Innocence – the pre-egoic, pre-self-conscious stage of the infant. An innocent is only doing what he or she must do. However, an innocent does have a degree of will in the sense of a drive to fulfill needs.
Rebellion – the rebellious person wants freedom, but does not yet have a good understanding of the responsibility that goes with it.
Decision – The person is in a transition stage in their life such that they need to be more independent from their parents and settle into the "ordinary stage". In this stage they must decide what to do with their life, and fulfilling rebellious needs from the rebellious stage.
Ordinary – the normal adult ego learned responsibility, but finds it too demanding, and so seeks refuge in conformity and traditional values.
Creative – the authentic adult, the existential stage, self-actualizing and transcending simple egocentrism.
These are not "stages" in the traditional sense. A child may certainly be innocent, ordinary or creative at times; an adult may be rebellious. However, the only association with of the stages with certain ages is in terms of importance and salience. For example, rebelliousness is more important for the development of a teenager than for a two year old.
Perspective on anxiety
Anxiety is a major focus of Rollo May and is the subject of his work "The Meaning of Anxiety". He defines it as "the apprehension cued off by a threat to some value which the individual holds essential to his existence as a self." He also quotes Kierkegaard: "Anxiety is the dizziness of freedom". May's interest in isolation and anxiety developed strongly after his time in the sanatorium when he had tuberculosis. His own feelings of depersonalization and isolation as well as watching others deal with fear and anxiety gave him important insight into the subject. He concluded that anxiety is essential to an individual's growth and in fact contributes to what it means to be human. This is a way that humans enact on their freedom to live a life of dignity. He is adamant in the importance of anxiety and feelings of threat and powerlessness because it gives humans the freedom to act courageously as opposed to conforming to be comfortable). This struggle gives humans the opportunity to live life to the fullest (Friedman). One way in which Rollo proposes to fight anxiety is by displacing anxiety to fear as he believes that “anxiety seeks to become fear”. He claims that by shifting anxiety to a fear, one can therefore discover incentives to either avoid the feared object or find the means to remove this fear of it.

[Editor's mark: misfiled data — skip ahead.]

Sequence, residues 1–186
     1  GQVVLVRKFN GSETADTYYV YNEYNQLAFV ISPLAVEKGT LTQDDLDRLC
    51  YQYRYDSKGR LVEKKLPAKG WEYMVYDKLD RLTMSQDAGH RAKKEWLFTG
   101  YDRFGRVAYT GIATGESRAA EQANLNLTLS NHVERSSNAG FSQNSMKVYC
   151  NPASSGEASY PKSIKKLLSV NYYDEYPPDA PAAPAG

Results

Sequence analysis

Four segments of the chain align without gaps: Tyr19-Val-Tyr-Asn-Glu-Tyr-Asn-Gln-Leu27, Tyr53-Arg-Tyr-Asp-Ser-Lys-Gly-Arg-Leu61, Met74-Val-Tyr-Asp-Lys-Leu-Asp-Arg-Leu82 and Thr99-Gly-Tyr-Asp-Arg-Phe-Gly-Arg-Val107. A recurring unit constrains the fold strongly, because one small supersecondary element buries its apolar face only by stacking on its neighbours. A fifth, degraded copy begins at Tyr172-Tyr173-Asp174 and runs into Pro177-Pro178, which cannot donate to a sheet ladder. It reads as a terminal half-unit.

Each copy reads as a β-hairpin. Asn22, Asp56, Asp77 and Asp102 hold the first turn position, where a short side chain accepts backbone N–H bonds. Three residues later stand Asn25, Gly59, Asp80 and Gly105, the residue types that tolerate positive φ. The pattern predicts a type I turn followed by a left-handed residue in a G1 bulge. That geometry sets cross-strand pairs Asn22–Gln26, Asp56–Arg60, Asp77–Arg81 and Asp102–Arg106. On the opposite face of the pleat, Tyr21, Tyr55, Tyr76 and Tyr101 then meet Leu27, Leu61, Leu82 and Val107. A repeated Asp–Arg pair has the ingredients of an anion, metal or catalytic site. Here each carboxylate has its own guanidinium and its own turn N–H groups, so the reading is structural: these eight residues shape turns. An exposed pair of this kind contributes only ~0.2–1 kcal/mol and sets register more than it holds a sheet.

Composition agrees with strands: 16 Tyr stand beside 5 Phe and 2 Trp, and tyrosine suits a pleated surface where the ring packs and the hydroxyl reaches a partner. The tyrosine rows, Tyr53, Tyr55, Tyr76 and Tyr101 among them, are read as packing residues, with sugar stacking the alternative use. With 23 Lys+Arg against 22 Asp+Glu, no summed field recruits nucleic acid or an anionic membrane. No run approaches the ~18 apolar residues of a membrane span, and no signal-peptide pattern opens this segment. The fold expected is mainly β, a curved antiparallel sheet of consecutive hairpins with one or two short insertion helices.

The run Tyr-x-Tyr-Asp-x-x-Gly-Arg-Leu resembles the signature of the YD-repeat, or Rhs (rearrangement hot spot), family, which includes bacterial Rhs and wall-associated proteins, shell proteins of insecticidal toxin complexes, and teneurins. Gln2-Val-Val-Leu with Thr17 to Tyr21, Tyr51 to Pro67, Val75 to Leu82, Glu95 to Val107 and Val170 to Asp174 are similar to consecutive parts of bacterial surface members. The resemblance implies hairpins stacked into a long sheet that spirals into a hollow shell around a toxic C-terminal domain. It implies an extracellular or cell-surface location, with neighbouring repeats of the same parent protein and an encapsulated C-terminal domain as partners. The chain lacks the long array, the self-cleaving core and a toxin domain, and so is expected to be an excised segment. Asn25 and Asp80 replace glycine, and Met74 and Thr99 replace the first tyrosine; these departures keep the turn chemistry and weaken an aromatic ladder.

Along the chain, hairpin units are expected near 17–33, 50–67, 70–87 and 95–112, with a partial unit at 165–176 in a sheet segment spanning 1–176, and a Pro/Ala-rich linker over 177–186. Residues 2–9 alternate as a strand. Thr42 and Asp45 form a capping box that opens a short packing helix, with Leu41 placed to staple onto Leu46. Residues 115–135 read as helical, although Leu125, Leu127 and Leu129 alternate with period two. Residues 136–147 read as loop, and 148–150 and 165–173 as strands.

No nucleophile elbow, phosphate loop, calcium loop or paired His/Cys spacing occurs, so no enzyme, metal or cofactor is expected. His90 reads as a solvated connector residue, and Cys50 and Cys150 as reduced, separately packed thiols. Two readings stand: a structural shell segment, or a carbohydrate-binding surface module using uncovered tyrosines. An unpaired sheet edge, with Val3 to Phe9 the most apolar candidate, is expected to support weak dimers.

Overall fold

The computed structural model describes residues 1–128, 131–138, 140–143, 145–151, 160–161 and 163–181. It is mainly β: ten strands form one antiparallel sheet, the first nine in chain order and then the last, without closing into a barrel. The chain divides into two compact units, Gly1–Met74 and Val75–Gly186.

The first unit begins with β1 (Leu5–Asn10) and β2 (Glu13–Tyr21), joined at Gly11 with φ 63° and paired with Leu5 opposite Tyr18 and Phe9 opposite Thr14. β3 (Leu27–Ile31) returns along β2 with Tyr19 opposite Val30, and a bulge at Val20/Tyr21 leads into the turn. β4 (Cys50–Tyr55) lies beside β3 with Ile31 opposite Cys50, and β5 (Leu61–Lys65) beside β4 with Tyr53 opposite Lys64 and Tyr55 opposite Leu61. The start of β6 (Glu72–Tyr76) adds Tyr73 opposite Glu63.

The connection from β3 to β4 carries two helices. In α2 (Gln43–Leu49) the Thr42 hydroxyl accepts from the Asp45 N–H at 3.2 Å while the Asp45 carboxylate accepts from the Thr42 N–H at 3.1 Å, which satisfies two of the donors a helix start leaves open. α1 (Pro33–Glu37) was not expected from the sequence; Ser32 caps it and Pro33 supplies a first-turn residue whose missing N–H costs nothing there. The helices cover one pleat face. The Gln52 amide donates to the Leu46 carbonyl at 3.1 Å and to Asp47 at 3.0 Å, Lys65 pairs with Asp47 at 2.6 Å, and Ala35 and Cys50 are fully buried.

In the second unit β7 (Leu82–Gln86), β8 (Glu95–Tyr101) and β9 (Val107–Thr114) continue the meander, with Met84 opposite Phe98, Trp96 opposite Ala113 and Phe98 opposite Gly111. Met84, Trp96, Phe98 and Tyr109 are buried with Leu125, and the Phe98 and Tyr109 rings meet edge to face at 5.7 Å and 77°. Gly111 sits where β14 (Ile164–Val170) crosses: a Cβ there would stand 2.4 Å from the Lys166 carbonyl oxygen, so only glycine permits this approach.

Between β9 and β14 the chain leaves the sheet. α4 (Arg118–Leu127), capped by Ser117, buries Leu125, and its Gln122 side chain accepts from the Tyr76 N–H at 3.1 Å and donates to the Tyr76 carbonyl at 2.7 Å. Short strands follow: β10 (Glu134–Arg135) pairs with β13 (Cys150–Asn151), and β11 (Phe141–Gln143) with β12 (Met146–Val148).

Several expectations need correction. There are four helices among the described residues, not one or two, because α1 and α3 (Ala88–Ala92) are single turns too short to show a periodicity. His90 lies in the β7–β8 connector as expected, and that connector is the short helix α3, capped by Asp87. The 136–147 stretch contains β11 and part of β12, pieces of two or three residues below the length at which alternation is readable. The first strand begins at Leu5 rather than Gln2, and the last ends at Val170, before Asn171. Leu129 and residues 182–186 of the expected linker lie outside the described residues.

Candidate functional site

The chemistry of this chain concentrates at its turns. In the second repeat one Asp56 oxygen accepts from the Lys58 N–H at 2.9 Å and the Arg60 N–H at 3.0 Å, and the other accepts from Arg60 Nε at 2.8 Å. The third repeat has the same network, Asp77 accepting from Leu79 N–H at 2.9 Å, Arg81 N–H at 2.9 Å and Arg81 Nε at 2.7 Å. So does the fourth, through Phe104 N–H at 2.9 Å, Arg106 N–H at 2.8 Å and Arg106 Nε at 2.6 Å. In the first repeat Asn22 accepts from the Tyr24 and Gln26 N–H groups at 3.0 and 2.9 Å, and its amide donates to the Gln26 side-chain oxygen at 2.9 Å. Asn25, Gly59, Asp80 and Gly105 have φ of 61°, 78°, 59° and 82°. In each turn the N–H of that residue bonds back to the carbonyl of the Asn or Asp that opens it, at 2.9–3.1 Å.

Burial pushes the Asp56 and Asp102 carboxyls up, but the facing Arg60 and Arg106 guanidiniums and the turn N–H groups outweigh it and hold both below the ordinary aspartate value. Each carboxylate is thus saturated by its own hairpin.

Perspective on love
May's thoughts on love is documented mainly through his book "Love and Will", which focuses on love and sex in human behavior. He specifies 5 particular types of love, however, he believes that they should not be separate, but society has separated love and sex into two different ideologies.
5 types of love:
Sex: Lust, tension release
Eros: Procreative love, savoring, experiential
Philia: Brotherly love, liking
Agape: Unselfish love, devotion to the welfare of others
Authentic love: Incorporates all other types of love
May particularly investigated and criticized the "Sexual Revolution" in the 1960s, in which many individuals were exploring their sexuality. "Free sex" was replacing the ideology of free love. May explains that love is intentionally willed by an individual, whereas sexual desire is the complete opposite. Love is real human instinct reflected upon deliberation and consideration.[clarification needed] May then shows that to give in to these impulses does not actually make one free, but to resist these impulses is the meaning of being free. May perceived the Hippie subculture and sexual mores of the 1960s and 1970s, as well as commercialization of sex and pornography, as having influenced society such that people believed that love and sex are no longer associated directly. According to May, emotion has become separated from reason, making it acceptable socially to seek sexual relationships and avoid the natural drive to relate to another person and create new life. May believed that sexual freedom can cause modern society to neglect more important psychological developments. May suggests that the only way to remedy the cynical ideas that characterize our times is to rediscover the importance of caring for another, which May describes as the opposite of apathy.
Criticism of modern psychotherapy
May believed that psychotherapists in the late 1900s had fractured away from the Jungian, Freudian and other influencing psychoanalytic thought and started creating their own 'gimmicks' causing a crisis within the world of psychotherapy. These gimmicks were said to put too much stock into the self where the real focus needed to be looking at 'man in the world'. To accomplish this, May pushed for the use of existential therapy over individually created techniques for psychotherapy.